Generally, I think the Barnes’ is doing the right thing in relocating – and the deal they got in doing so was not terrible but certainly not ideal:

“The Pew Charitable Trusts, The Lenfest Foundation and The Annenberg Foundation promised to help the Barnes raise $150 million for a new gallery and an endowment when the relocation to Philadelphia was approved. In exchange, Lincoln University ceded control of the foundation’s board of trustees and permitted its new benefactors to appoint their own members.”

Should Lincoln University have had to cede control of the Board?  I don’t think so – I think they should have been able to keep some if not all members on the Board as a show of good faith, but that’s just me.  I’m all about rose colored glasses and happy endings.  But what is the most important issue, one that I think everyone can agree with, is that the Barnes collection is that of such significance it would be a crime to take it from the public view.

Conversely, there is a documentary out about this whole battle, The Art of the Steal, and it is quite interesting, I suggest you take a look.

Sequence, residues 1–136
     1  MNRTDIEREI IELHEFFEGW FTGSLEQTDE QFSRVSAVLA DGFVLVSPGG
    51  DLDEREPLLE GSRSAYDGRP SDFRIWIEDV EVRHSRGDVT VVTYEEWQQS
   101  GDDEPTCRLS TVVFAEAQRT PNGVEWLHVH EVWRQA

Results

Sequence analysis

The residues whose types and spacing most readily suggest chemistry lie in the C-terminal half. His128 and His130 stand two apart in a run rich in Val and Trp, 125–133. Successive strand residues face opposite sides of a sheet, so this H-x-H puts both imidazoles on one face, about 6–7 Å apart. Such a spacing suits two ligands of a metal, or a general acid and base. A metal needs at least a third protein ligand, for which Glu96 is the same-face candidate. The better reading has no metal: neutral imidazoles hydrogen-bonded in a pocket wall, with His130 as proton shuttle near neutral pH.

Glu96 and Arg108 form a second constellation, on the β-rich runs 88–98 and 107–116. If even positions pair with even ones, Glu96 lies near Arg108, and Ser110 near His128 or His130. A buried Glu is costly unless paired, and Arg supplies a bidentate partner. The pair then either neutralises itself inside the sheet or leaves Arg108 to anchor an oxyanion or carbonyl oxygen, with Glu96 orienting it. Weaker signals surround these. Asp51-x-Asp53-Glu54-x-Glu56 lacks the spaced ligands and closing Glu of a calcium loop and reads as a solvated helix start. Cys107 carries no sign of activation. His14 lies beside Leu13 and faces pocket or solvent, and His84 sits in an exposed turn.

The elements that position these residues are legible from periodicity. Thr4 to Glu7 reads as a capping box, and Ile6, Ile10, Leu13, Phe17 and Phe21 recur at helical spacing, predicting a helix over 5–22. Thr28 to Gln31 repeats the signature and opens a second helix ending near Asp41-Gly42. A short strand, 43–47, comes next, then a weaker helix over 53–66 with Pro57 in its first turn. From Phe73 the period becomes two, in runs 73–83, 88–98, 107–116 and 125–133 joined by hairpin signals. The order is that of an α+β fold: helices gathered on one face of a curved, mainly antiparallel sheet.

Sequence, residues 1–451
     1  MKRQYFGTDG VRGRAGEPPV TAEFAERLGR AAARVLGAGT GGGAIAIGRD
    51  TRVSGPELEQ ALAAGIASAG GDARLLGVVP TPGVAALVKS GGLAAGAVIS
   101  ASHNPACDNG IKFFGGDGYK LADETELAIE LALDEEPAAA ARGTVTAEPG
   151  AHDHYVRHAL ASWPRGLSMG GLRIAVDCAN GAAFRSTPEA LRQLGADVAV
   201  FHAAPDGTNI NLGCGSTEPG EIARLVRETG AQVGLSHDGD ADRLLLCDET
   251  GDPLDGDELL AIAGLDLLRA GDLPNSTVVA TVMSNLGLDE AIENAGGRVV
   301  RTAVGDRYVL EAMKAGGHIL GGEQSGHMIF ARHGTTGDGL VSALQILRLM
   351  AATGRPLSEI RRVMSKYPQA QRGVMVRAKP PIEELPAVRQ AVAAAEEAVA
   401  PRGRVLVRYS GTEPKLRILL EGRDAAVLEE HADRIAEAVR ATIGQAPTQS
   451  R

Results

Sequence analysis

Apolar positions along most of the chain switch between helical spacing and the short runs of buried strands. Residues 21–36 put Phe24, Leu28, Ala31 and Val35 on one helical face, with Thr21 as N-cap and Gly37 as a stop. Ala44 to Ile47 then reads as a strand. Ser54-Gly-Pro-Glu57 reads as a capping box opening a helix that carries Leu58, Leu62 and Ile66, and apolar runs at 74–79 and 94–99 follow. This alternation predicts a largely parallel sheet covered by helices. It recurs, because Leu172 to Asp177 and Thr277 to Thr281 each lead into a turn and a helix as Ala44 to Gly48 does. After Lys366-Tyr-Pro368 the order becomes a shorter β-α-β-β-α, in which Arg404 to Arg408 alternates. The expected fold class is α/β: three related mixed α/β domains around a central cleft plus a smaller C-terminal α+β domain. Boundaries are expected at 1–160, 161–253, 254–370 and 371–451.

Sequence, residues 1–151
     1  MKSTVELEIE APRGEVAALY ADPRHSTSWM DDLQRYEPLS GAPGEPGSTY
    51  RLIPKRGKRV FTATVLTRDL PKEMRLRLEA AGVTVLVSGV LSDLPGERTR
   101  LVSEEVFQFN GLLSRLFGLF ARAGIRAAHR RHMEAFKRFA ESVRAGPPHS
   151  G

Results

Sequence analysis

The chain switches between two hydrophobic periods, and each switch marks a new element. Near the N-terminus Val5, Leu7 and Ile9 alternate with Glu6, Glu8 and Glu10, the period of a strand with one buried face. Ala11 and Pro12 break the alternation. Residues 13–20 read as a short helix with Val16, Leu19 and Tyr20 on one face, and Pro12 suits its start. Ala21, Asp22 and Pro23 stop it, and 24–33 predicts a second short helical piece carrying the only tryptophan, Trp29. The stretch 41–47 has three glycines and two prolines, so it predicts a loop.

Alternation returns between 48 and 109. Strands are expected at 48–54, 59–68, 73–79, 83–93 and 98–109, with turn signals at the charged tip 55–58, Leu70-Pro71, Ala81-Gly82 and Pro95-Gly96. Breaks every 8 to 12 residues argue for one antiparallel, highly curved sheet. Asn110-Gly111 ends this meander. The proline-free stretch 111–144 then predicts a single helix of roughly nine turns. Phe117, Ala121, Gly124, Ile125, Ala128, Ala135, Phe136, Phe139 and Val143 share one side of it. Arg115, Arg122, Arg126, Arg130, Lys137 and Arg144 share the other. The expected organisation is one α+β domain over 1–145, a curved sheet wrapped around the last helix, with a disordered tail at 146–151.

Yes, we are coming form two opposing points of view but I am more than happy to offer up their opinion as valid – I just don’t happen to agree with them entirely. And you know what? That’s ok.
ArtDaily / The Art of the Steal /

4 Comments »

  1. Elsa Dimitriadis August 3, 2011 at 2:12 pm -

    Loved the article. I’m definitely going to check out the documentary asap. It’s such a thorny issue – that of respecting the wishes of the deceased long after they are gone – and I wonder if lawyers should advise that perpetual wishes such as Barnes’ and Gardner’s be written with a bit more flexibility, but still with the intent included (such as Barnes’ wish to serve Philly’s underserved). I am heartened that Barnes’ unique “wall ensembles” are going to be recreated in the new space, and they are building the new building to scale/proportion and with the same configuration of the original buildings. I wish, however, that while it IS necessary in the twenty-first century to increase your Board to 15 from 5 (in order to raise funds), that they had made a more ardent attempt to include all of the Lincoln U board members (of which there were only 4, I believe), or at least specifically seek out notable African American board members. I am concerned that with the shift in focus to financial security, that it will be convenient to forget this important element of Barnes’ wishes. Certainly with such notable alums of Lincoln U, this would be possible. All in all, it seems impossible for wishes made in the 1950s to be fulfilled in perpetuity without some necessary alterations as the world changes. Great article.